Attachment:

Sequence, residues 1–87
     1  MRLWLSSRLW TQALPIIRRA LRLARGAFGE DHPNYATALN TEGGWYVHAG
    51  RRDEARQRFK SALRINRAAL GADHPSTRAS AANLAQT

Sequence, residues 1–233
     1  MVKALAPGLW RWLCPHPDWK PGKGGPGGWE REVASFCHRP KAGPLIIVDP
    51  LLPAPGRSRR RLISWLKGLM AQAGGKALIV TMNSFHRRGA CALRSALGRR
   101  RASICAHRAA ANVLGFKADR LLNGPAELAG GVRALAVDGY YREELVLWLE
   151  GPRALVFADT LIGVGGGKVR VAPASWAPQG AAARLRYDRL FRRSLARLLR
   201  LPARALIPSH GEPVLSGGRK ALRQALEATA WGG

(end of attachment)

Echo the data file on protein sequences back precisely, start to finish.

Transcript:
Sequence, residues 1–87
     1  MRLWLSSRLW TQALPIIRRA LRLARGAFGE DHPNYATALN TEGGWYVHAG
    51  RRDEARQRFK SALRINRAAL GADHPSTRAS AANLAQT

Sequence, residues 1–233
     1  MVKALAPGLW RWLCPHPDWK PGKGGPGGWE REVASFCHRP KAGPLIIVDP
    51  LLPAPGRSRR RLISWLKGLM AQAGGKALIV TMNSFHRRGA CALRSALGRR
   101  RASICAHRAA ANVLGFKADR LLNGPAELAG GVRALAVDGY YREELVLWLE
   151  GPRALVFADT LIGVGGGKVR VAPASWAPQG AAARLRYDRL FRRSLARLLR
   201  LPARALIPSH GEPVLSGGRK ALRQALEATA WGG